EVs: a real alternative?
The world’s current environmental and economic conditions have become the starting point for the development of the Electric Vehicles (EV), their rising awareness and increasing sales. The trend is more visible in the developed countries such as the USA or the European markets, where both car makers and consumers show an interest on the matter. In these economies the transport sector is the number one consumer of oil (in the USA, for example, this accounts for 70% of all consumption), so it’s not surprising that policymakers and the industry are increasingly looking to EVs as a solution. As they keep going in their introduction phase of the commercial life cycle, they face several challenges that include a landscape comprising of conservative consumers, regulatory hurdles and patchy infrastructure.
Through August 2015 EV global sales climbed to 223,000 units, up by 36% over the same period of 2014. That’s certainly a big increase but a low volume when compared to the traditional petrol, diesel and ethanol powered cars sales. However EV passenger car sales totalled 280,000 units in 2014, representing growth of 43% compared with 2013. EVs immediate challenge is to gain market share taking it from traditional segments and fuel types despite the fact that the recent economic factors such as the fall in global oil prices will continue to have the greatest influence on purchasing decisions, to the detriment of EVs.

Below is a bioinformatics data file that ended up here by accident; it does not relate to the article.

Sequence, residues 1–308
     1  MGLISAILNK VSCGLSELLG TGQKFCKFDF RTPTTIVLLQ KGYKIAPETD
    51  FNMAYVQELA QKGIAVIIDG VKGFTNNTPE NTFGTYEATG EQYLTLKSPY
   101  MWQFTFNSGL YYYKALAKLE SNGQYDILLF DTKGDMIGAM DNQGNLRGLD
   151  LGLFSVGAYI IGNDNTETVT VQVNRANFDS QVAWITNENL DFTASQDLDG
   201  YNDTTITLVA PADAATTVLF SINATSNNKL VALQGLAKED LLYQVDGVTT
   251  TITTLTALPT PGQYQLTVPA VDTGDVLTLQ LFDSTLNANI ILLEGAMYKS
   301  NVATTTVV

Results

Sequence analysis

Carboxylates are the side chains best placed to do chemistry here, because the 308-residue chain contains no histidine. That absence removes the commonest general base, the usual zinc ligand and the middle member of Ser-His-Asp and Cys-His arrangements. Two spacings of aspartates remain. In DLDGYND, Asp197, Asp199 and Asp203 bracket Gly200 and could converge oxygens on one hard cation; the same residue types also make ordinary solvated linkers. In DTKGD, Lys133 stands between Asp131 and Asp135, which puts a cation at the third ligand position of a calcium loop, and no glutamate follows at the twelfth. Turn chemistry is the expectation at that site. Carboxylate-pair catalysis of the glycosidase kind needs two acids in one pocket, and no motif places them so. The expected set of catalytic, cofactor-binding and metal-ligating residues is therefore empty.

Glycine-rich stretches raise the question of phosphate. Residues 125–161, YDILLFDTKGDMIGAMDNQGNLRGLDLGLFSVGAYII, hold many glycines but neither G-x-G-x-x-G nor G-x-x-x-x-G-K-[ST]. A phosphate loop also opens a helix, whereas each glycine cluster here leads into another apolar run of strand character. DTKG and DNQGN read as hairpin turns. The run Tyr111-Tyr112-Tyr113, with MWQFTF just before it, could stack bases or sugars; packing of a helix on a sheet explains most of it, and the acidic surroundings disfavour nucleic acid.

The Most Important Markets
In terms of market share, Norway is the world’s largest market thanks to the support, incentives and benefits the EV can access to. By August 2015, around 21% of the total new car registrations corresponded to an electric car. That’s a lot considering their prices and the very few choices the consumer has. However, it wasn’t only a matter of Norway but also of its neighbors from Scandinavia, where EV’s total market share jumped from 1.47% in 2013 up to 5.35% by August 2015, the world’s largest percentage. Their penetration surpassed the 1% mark in Northern Europe (Scandinavia excluded), and it was followed by USA with only 0.61% market share. USA is the largest market by volume with 71,200 units sold between January and August 2015. It was followed by China, Norway, the UK and Japan.
The Main Players
Nissan leads the way thanks to its Leaf, which became the world’s best-selling EV during the first 8 months of 2015. Mitsubishi wasn’t far at the second place after posting a 24% increase of its Outlander PHEV model, the second best-selling EV. And finally Tesla with its luxury Model S managed to occupy the third position.